Monday, May 19, 2008
Greetings everyone. Above is a photo of where I'll be spending the next four days.
This is not a complaint, mind you, but researching isn't as fun as it might initially seem. Unless you are completely retired and without obligation, time is always a factor that rears it's head. Five days isn't that much time. And when you find records that are interesting, but "off topic" you have to strike a balance. Get too off track and you won't get what you came for, but it's possible you won't find it anyway and it's good to at least have something, even if it's not what you originally came for.
I compensate somewhat by creating a process to scan things in as quickly as possible. Photos are kept in individual mylar sleeves.. .while one is scanning, I take the next one out and keep it ready. When the scan stops, I switch photos, laying the one just scanned down outside of its mylar until after the next one starts... I figure I save maybe 2-3 seconds off each scan that way, but it can certainly add up over time. I also use the scan time to update noes, create folders, etc.. I treat it like any other OODA loop and work to decrease the time each evolution takes.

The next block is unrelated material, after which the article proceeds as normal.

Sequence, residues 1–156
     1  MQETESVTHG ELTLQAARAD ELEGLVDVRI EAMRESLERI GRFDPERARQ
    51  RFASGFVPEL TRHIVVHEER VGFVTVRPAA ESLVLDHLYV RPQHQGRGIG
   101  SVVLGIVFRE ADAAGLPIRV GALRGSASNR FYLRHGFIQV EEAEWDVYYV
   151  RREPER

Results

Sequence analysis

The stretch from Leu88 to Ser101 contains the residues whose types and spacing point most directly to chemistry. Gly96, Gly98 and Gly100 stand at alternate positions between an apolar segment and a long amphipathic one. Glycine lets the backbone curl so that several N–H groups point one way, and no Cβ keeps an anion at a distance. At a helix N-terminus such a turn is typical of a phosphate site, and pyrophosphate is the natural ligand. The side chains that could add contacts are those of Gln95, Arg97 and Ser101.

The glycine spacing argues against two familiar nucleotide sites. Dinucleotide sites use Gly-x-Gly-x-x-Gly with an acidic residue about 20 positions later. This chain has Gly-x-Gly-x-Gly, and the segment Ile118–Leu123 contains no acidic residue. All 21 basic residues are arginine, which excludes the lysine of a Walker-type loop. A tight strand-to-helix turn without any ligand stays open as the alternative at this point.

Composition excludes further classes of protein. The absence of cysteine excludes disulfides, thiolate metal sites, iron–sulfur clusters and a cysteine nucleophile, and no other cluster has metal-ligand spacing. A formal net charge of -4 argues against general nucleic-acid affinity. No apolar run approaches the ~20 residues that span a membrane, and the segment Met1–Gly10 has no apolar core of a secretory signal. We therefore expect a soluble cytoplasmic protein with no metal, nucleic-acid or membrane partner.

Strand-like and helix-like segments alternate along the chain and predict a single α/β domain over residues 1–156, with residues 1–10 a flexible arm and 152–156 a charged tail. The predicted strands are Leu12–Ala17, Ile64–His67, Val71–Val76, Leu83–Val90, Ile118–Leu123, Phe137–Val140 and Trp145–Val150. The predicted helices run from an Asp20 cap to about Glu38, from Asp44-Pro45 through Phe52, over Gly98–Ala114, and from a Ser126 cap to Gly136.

Enough theory, time for some fun pictures.
The US Navy labeled its camouflage designs as "measures" in WWII, with some of the official wild dazzle schemes defined in "patterns." I think I have discovered a previously unknown Measure, that of "Measure Van Gogh."
Certainly looks impressionistic, doesn't it? I only wish I'd found a color shot so we could see how she looked in real life. That's APD-6 Stringham in December 1942 at Mare Island, by the way.
This next shot was part of a series of 4 that were marked "USS San Francisco" on the back, in a folder for CA-38 San Francisco. This one was simply captioned, "Cabin:"
I don't buy it. Sure, she was commissioned in 1934 when things weren't quite as spartan as wartime regulations, but that's a bit over the time, and I think this is from an earlier ship, probably C-5 San Francisco.
Last one for today, another miss-file, this one humorously so. This popped up in a folder for CL-48 USS St. Louis:
That's right folks, an F-18 HORNET. Who knew the Navy wanted to operate them from WWII cruisers?